Frame 4, machinery/equipment. Rivian's stamping press was installed and operational in Q1'20. Welding robots were on site in mid 2020 videos. Seems to be on track, but Rivian shares very little footage of the assembly line.

Frame 5, capital. Tesla had only $200m of cash when ramping their first "mass" program the Model S (after roadster) which reached a 20k annual run-rate after the 3rd quarter of operations. They had no clue what they were doing, and Elon pushed the envelope on manufacturing process. Rivian seems to be taking fewer chances with experimental production techniques. They also have raised a cumulative $10bn of cash, and can easily raise a few billion more.

Any different views out there?
Nice dissertation on the subject. All throughout this process, I’ve felt that RJ and Rivian have both followed a more conventional automobile-production process and wisely learned many unintended lessons provided by Elon and Tesla. From taking their time to create the R1’s right, through finding the best factory/location and attracting great partners/financing, Rivian has distinguished themselves from the competition. Their calm demeanor while making something revolutionary makes them stand out from those who appear to be either smoke & mirrors, or masters at polishing turds and telling us they’re gemstones.
 

McRat

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There is a huge unknown right now: The Chip Shortage. Established supplier chains have a big advantage over startups since they often have large contracts with redundancy and punishments for not meeting deadlines.

I hope it's not an issue, but it could be.
 

CommodoreAmiga

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There is a huge unknown right now: The Chip Shortage. Established supplier chains have a big advantage over startups since they often have large contracts with redundancy and punishments for not meeting deadlines.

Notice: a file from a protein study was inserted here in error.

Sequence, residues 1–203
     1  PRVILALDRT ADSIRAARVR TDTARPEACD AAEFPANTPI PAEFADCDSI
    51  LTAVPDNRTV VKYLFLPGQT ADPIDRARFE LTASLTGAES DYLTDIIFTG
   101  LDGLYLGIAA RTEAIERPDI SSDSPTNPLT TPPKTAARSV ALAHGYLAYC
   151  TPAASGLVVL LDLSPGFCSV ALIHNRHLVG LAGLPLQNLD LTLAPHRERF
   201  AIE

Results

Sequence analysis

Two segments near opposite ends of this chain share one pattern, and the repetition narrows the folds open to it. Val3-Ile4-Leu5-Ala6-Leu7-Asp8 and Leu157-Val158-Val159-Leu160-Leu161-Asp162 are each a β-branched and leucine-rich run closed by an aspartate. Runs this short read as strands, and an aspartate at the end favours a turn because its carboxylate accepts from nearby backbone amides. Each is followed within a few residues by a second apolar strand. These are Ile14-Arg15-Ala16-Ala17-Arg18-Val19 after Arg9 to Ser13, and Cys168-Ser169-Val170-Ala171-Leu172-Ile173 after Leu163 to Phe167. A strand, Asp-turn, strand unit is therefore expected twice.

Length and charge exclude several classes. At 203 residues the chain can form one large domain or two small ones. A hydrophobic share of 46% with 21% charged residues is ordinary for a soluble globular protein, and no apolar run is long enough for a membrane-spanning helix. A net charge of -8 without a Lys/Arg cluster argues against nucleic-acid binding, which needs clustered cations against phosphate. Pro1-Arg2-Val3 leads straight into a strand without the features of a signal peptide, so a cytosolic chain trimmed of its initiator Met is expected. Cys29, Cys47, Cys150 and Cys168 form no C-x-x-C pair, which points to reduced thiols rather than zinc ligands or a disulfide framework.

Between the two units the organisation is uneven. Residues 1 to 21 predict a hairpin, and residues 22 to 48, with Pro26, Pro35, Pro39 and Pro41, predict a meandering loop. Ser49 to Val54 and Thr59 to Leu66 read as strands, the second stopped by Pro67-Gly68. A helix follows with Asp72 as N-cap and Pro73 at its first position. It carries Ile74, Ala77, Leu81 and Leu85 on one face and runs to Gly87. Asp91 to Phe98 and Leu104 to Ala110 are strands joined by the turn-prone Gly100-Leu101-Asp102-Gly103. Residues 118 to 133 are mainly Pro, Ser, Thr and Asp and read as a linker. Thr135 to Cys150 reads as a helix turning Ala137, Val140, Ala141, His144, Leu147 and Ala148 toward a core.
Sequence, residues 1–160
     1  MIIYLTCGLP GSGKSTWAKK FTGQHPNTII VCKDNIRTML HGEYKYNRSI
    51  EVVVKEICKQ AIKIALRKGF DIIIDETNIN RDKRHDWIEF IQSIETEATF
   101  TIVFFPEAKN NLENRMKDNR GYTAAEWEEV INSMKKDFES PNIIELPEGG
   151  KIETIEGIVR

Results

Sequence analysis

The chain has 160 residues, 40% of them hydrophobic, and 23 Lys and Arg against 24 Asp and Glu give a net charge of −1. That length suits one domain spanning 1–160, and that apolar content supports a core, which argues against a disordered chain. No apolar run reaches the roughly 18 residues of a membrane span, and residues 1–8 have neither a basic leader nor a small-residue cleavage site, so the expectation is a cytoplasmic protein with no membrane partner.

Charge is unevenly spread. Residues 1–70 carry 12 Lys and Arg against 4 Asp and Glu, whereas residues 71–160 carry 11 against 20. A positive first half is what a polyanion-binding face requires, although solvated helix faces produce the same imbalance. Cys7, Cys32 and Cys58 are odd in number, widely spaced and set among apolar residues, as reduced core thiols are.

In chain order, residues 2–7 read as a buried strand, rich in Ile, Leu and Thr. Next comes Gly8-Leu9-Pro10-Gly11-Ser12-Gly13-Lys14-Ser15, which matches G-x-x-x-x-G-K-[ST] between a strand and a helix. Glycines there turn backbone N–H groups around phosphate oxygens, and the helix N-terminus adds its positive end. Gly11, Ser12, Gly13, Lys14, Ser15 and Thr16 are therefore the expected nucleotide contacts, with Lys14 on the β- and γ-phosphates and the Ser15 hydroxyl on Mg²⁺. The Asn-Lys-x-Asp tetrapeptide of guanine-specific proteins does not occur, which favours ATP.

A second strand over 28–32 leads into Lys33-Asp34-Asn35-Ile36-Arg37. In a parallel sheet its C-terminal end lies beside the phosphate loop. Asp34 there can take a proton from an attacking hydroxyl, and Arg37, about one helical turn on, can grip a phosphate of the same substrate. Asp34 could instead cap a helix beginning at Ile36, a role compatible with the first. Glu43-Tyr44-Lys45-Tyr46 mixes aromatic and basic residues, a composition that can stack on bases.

I hope it's not an issue, but it could be.
I see it as the opposite. Large manufacturers, such as Ford/GM/Toyota/Honda need VOLUME to keep up with their projected numbers.

Rivian is a startup. Enough chips to meet their annual target wouldn't cover one of the "big boys" for a week.

It'll be a lot easier for Rivian to get chips in the quantity they need.
 

McRat

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I see it as the opposite. Large manufacturers, such as Ford/GM/Toyota/Honda need VOLUME to keep up with their projected numbers.

Rivian is a startup. Enough chips to meet their annual target wouldn't cover one of the "big boys" for a week.

It'll be a lot easier for Rivian to get chips in the quantity they need.
I hope it works that way.

Here's the reality in my experience: Compare this to building 10 desktops for your business vs Dell building computers. Who is having a harder time getting chips?
 

MurryR1T

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I see “first full year” as the first full calendar year. June 2021-December 2021 will be all about ramping up and working through production issues and not part of the production targets (IMO).
 

whyasky

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The best information we have to go on is that Rivian continues to assert they will produce all LE vehicles in '21 and begin the next series (max pack, explore, etc) in '22. No one knows the LE number exactly but guesstimates around this forum seem to range from 10-20K. Even if they produce 'only' 10K vehicles this calendar year, that's a meaningful accomplishment and should put them well on the way to a 40K/yr sustained run rate by early '22.
 

CommodoreAmiga

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I hope it works that way.

Here's the reality in my experience: Compare this to building 10 desktops for your business vs Dell building computers. Who is having a harder time getting chips?
I don't think that's a fair analogy.

Rivian isn't an individual. Your analogy would be more like GM building cars in a factor vs Mr. Shadetree restoring a car in their residential garage.

Perhaps the analogy would be better said as "Compare Falcon Northwest building 10 desktops vs Dell". A small/niche manufacturer vs a behemoth. Maybe Falcon NW has to pay a little more for some components -- but they can get those 10 units. Dell may have trouble meeting production targets, regardless of cost.